1.6 Where practical and economical. loads from thermal movement. for low-speed or variable-speed machinery. Commentary Note 5.6: For heavy.1.Document Responsibility: Onshore Structures Issue Date: 29 October. for similarly tuned systems. Commentary Note 5. Commentary Note 5. 2003 Next Planned Update: 1 November. This section requires the design for Page 9 of 21 . where the foundation with machine is usually considered as one mass point. 2008 SAES-Q-007 Foundations and Supporting Structures for Heavy Machinery 5.8 For elevated machinery. 5.1.5. and fatigue.. the machine foundation system shall be proportioned to be low-tuned. the flexibility of the entire support structure must be considered in the dynamic analysis.7: Where it is not practical to design a rigid foundation with high mass. For fatigue.9: The dynamic forces are equal to the unbalanced forces multiplied by the applicable magnification factor. wind or seismic forces. This higher natural frequency in conjunction with a lower machine operating frequency will often result in high-tuned systems being more economical for lowspeed machinery. a low-tuned system will have smaller vibration amplitudes than a high-tuned system.g. the flexibility of the entire structure must be taken into consideration.8: For elevated machinery. This is different from a machine on a mass concrete foundation.9 The foundation design shall be capable of resisting all applied dynamic and static loads specified by the machinery manufacturer. the dynamic loads shall be increased by a factor of 1. 5. Another reason to prefer low-tuned systems can be found in the fact that. like a machine on a table top or a blower in a steel structure.1. dead and live loads as applicable or as specified in SAES-M-100. Commentary Notes 5. e. the natural frequency of the system will be increased.1. 5.1. high-speed machinery the foundation geometry is typically such that the primary natural frequencies will be lower than machine operating frequency. any loads that may be associated with installation or maintenance of the equipment.1.1. the mass required to satisfy static loading conditions alone will tend to produce a low natural frequency for the foundation system. Since the natural frequency is a function of the square root of (stiffness/mass).7 High-tuned machine foundation systems shall be used only when a low-tuned system is not practical or economical.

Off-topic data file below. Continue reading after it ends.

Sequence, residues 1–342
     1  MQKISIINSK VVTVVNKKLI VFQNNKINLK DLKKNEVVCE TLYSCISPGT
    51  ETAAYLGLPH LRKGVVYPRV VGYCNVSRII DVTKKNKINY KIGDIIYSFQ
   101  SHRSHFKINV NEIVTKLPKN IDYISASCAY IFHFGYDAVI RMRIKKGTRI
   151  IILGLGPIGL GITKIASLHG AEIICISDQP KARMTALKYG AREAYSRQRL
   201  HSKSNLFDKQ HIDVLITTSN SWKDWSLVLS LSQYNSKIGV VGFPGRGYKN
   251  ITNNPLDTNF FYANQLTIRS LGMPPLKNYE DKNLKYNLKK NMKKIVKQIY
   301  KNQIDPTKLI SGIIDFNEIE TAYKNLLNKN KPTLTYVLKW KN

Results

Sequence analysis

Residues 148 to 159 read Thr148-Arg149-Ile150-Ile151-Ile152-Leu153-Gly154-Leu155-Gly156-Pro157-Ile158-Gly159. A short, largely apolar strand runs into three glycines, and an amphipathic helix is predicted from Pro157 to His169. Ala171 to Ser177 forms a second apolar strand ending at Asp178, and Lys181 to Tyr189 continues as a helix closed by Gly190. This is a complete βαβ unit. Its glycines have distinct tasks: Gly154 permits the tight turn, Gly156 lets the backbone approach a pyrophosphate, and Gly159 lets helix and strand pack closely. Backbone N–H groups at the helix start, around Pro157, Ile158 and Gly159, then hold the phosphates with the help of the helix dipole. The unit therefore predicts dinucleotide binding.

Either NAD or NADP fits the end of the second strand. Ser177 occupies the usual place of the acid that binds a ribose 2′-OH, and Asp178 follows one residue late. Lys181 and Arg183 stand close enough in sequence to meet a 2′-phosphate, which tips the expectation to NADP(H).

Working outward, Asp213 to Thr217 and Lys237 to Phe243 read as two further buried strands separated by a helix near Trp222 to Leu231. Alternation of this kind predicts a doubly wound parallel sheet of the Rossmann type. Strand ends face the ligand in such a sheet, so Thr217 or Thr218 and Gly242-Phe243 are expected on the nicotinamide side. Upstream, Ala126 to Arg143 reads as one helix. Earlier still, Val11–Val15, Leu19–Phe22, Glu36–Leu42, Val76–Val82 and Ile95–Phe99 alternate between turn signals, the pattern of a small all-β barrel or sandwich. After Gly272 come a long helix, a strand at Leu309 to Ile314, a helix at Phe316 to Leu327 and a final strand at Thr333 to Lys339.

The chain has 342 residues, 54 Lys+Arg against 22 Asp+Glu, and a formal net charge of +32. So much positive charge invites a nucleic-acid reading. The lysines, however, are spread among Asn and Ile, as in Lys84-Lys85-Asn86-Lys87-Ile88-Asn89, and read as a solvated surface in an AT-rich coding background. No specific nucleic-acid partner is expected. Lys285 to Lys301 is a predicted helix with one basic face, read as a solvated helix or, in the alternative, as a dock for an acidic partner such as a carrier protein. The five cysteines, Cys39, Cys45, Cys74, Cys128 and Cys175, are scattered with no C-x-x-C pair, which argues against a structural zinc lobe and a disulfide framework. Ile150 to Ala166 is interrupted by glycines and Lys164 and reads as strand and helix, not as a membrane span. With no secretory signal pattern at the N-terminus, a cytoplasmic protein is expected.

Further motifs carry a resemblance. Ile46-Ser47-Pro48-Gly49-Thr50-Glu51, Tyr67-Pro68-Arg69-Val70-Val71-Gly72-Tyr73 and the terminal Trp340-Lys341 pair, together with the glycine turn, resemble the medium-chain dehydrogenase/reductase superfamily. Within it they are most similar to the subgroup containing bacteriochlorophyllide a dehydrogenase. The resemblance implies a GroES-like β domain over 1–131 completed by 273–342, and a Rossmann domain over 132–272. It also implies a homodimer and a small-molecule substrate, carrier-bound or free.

machinery loads shall be supported directly by the foundations and not by access platforms. 5.5 and applied as quasi-static loads. etc. Commentary Note 5.2. e. Design load combinations may be as specified in ACI 318.. such as operator platforms. and ACI 318.1 5. to avoid operator discomfort.2 Special Provisions for Reinforced Concrete 5.1. if they are essential to the operation of the machinery supported from the foundation. 2008 SAES-Q-007 Foundations and Supporting Structures for Heavy Machinery dynamic forces to be multiplied by a fatigue factor of 1. 5. The minimum compressive strength of concrete at 28 days shall not be less than 27. pipes. The effects of both wind and seismic activity need not be considered to act simultaneously. shall be independent from the main machinery carrying structure(s).. 2003 Next Planned Update: 1 November.1.11: Sometimes operator platforms attached to the main supporting structure can be subject to vibration that causes serious discomfort to operators.1.Document Responsibility: Onshore Structures Issue Date: 29 October. Page 10 of 21 .2 The structural design of all reinforced concrete shall be in accordance with SAES-Q-001. In that case.1. and the incidence of motion sickness are presented in these standards.12 The designer should refer to the general guidance given by ISO 2631-1 and ISO 2631-2 on human response to building vibration and weighting curves of frequency responses for equal annoyance of humans together with measurement methods to be used.2. miscellaneous steel structures.g. it is necessary to keep the platforms independent from the main structure so that vibrations will not be transmitted to the platform.6 MPa (4000 psi). 5. the probability of vibration perception. 5.10: Cables and pipes shall be sleeved if incorporation in the foundation cannot be avoided. and be protected from the influence of foundation stresses.10 Design shall be such that buried cables.1.11 Where practicable. The loads specified above shall be combined to produce the most unfavorable effect on the supporting foundation. Commentary Note 5. Methods of quantifying whole-body vibration in relation to human health and comfort. will not be incorporated in the foundation. Also.